One thing that is likely to remain is the focus around food.
“We have experimented with delivering other things but yes the food in its multitude of forms — be it snacks or grocery — is the majority of our business right now and we see that continuing,” said Heinla. “Everyone needs to eat food.”
Ironically, the company has yet to launch in San Francisco, due in part to a clash that an erstwhile rival, Marble, had with regulators. (Marble is now owned by Caterpillar.) Others that potentially compete with it include Amazon and delivery companies, which have dabbled in pilots but not rolled anything out on any large scale across their footprints. Were they to do that (and were regulators amenable to the idea) it would present a big competitive force for Starship.
“Everyone is talking about how to fix the issues with last mile delivery,“ said Shinichi Nikkuni, Managing Partner of NordicNinja VC in a statement. “Time and again, Starship has proven itself to be years ahead of others with world leading autonomous driving technology for sidewalk delivery, leading to accumulating more and more data and experiences through much wider commercial operations. There aren’t many companies that have a truly autonomous service that has earned so much customer loyalty and adoration. We think Starship has found the right formula for success on a global scale and are excited to be part of their future journey.”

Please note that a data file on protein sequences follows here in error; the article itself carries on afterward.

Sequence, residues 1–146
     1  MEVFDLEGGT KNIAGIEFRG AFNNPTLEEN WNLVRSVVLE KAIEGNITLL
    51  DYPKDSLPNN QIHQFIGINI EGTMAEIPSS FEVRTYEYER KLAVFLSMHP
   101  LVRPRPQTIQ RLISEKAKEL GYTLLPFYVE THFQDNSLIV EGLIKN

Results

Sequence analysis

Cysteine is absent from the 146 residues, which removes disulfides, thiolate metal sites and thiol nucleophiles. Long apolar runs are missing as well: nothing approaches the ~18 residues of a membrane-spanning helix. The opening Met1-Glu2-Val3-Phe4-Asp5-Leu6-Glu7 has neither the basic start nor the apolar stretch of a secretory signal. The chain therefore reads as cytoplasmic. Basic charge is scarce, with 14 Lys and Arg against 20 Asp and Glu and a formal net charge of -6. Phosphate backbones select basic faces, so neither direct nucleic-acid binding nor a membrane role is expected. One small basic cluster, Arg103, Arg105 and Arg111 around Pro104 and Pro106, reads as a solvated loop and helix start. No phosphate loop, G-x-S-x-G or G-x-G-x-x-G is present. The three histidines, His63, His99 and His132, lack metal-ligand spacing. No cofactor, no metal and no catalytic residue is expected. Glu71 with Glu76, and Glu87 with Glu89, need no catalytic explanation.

“We have always been committed backers of the engineering ingenuity budding from the Estonian tech scene, and Starship takes this literally further than anyone: to the millions of miles around the planet these robots have already covered. And many hundreds of millions more, as they have passed the crucial milestone making robot delivery more cost effective than human equivalents,” added Sten Tamkivi who runs Taavet+Sten with Taavet Hinrikus.